by Christian Berrigan
[This article is a further detailed analysis of problems in WSRP proposed rules for the 2016 Caucus/Convention process first exposed here. ~ Ed.]
But even more paramount is that our rules are not in violation of the RNC rules.
And there is very real scenario which would put us in just such a violation, and that is another problem with our proposed WSRP Rule 37.
As currently constructed, if we do have a plurality winner in the primary, we would be in violation of RNC Rule 16(c)(3)(ii) – I’m including the (i) subsection below also because that is the direction I hope we will choose to go, but the violation would be of (ii).
From RNC Rule 16(c)(3):
(i) A state may establish by statewide vote or by congressional district a minimum threshold of the percentage of votes received by a candidate that must be reached below which a candidate may receive no delegates, provided such threshold is no higher than twenty percent (20%).
(ii) A state may establish by statewide vote or by congressional district a minimum threshold of the percentage of votes received by a candidate that must be reached above which the candidate may receive all the delegates, provided such threshold is no lower than fifty percent (50%).
So how would this be a violation? According to our rules, a plurality winner of the primary gets 100% of the first round of balloting. The RNC rules require at least 50% if trying to have a winner take all result.
We hear all the time that lawyers have reviewed all this, but this seems like a pretty obvious thing. These kinds of things are more easily caught when trying to codify fairness. When there is a strategic agenda built into rules, then we get problems.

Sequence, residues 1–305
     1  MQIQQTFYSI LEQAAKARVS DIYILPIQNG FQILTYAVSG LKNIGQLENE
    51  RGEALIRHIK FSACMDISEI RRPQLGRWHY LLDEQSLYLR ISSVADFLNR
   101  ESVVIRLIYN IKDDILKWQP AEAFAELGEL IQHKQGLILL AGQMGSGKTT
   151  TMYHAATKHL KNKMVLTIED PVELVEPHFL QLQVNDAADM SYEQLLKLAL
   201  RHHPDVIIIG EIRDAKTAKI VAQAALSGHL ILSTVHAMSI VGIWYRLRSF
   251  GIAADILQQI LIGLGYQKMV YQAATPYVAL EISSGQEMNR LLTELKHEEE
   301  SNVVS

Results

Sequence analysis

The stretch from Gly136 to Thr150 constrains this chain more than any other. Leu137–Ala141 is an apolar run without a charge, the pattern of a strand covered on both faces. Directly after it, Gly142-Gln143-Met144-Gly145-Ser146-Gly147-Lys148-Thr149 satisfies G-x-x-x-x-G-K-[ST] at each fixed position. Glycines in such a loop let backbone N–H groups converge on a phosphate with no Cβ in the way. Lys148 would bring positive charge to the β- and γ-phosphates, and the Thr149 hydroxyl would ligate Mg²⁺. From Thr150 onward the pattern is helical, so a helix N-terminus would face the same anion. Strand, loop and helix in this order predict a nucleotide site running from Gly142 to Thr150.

I advocate for proportional representation for EVERYONE (primary and convention), and that the state central committee set a threshold of 20% or above as required by RNC Rule 16(c)(3)(i). If this most-fair option is denied us, heads up that we must bring the state rules into compliance with RNC Rule 16(c)(3)(ii).
NOTE: I find no provision for reducing our delegates under violations of 16(c)(3), only 16(c)(2). So while we would be in violation, it doesn’t appear it would jeopardize our delegates (if I’m reading everything correctly), but since it still would be a violation of the rules with no explicit punishment under Rule 17, there is no telling what kind of chaos could ensue.
One might make the argument that 16(c)(3) applies only to the allocation of delegates and not to the binding of delegates. If given the context someone still desires to make that tenuous argument at 2016 convention time, I assume “chaos” would be an understatement.
Codify fairness – its the true path to unity.